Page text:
Trump Offers Court a $100 Million Bond to Pause a $454 Million Judgment

Donald J. Trump offered a New York appeals court on Wednesday a bond of only $100 million to pause the more than $450 million penalty he faces in his civil fraud case, a clear sign that the former president lacks the money to cover the full amount.

Mr. Trump, who is on the clock to either secure a bond from a company or produce the full amount himself, also asked the appeals court to pause enforcement of the financial penalty and a wide range of other punishments the judge levied. They include a prohibition on obtaining a loan from a New York bank for three years and a ban on running a company in the state during that same period.

One appellate court judge was expected to hear the request from Mr. Trump on Wednesday afternoon and issue a decision shortly after. If the appellate judge grants the pause, it will be only temporary; Mr. Trump would still have to persuade a larger panel of appellate judges to keep the judgment on hold.

In seeking relief, Mr. Trump’s lawyers disclosed that they would be unable to secure a bond for the full amount, raising the prospect that he might soon default on the judgment if the appeals court denies his request.

“The exorbitant and punitive amount of the judgment coupled with an unlawful and unconstitutional blanket prohibition on lending transactions would make it impossible to secure and post a complete bond,” the lawyers wrote.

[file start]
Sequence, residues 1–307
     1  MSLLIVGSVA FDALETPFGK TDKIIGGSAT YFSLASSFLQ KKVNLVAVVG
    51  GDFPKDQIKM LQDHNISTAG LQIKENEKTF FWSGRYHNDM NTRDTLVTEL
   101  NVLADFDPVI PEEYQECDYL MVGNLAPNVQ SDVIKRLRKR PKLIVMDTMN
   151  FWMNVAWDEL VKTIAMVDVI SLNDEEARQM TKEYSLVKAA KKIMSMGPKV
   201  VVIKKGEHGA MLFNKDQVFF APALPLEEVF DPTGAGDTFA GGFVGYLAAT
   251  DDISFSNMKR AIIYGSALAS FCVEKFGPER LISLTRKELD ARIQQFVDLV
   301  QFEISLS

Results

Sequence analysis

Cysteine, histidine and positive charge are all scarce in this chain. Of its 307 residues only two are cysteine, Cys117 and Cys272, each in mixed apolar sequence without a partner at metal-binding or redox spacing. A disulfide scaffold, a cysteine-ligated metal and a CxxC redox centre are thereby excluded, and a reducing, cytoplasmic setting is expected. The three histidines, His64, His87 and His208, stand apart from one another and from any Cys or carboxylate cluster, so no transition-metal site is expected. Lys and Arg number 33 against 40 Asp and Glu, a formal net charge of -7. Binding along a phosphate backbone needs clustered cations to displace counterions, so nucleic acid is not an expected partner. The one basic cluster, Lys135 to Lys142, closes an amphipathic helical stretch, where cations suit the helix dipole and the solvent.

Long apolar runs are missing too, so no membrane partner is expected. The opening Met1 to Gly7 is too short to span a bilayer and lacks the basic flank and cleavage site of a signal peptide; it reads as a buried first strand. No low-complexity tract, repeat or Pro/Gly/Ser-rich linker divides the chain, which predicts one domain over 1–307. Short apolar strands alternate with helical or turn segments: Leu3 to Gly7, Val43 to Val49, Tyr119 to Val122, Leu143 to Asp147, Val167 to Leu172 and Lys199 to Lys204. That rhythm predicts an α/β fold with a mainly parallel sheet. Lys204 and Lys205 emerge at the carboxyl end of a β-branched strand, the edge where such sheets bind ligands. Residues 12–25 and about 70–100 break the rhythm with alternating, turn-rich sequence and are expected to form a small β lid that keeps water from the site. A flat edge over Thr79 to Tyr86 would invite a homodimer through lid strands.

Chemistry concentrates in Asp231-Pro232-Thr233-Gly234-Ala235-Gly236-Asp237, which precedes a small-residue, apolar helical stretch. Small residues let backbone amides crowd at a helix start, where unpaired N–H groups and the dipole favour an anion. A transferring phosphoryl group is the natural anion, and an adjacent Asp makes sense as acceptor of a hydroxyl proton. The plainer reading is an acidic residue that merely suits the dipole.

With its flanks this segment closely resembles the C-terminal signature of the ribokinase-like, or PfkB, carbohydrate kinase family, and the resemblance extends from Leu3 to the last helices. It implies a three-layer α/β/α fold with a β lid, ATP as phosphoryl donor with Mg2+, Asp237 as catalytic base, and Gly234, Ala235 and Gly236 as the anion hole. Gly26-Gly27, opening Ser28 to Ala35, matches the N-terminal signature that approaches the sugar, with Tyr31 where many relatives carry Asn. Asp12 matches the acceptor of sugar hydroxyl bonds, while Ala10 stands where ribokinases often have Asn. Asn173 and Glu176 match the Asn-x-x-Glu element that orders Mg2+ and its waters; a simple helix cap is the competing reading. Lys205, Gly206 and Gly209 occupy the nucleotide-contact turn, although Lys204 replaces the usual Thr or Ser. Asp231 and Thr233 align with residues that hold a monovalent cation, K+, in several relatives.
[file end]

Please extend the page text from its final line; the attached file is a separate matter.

Posting bond for the full amount would prevent the New York attorney general’s office, which brought the fraud suit, from collecting the judgment until Mr. Trump’s appeal is resolved. The attorney general, Letitia James, built her case on the accusation that Mr. Trump had fraudulently inflated his net worth by as much as $2 billion.

Unless the appeals court accepts the $100 million bond or grants Mr. Trump additional time, the attorney general can collect at any moment. Under New York law, Ms. James, can seize Mr. Trump’s bank accounts and potentially take control of his New York properties.

Mr. Trump’s net worth, which he estimates in the billions, is largely derived from real estate, not cash. As of last year, he was sitting on more than $350 million in cash, as well as stocks and bonds he could sell in a hurry, according to a recent New York Times review of his financial records.

But the sum of the judgment in the civil fraud case and the $83.3 million judgment that Mr. Trump faces from a defamation trial involving the writer E. Jean Carroll far eclipses his stockpile of cash.

In its own filing, Ms. James’s office asked the appeals court to deny Mr. Trump’s request.

“There is no merit to defendants’ contention that a full bond or deposit is unnecessary because they are willing to post a partial undertaking of less than a quarter of the judgment amount,” the attorney general’s office wrote. “Defendants all but concede that Mr. Trump has insufficient liquid assets to satisfy the judgment.”

This is a developing story and will be updated.

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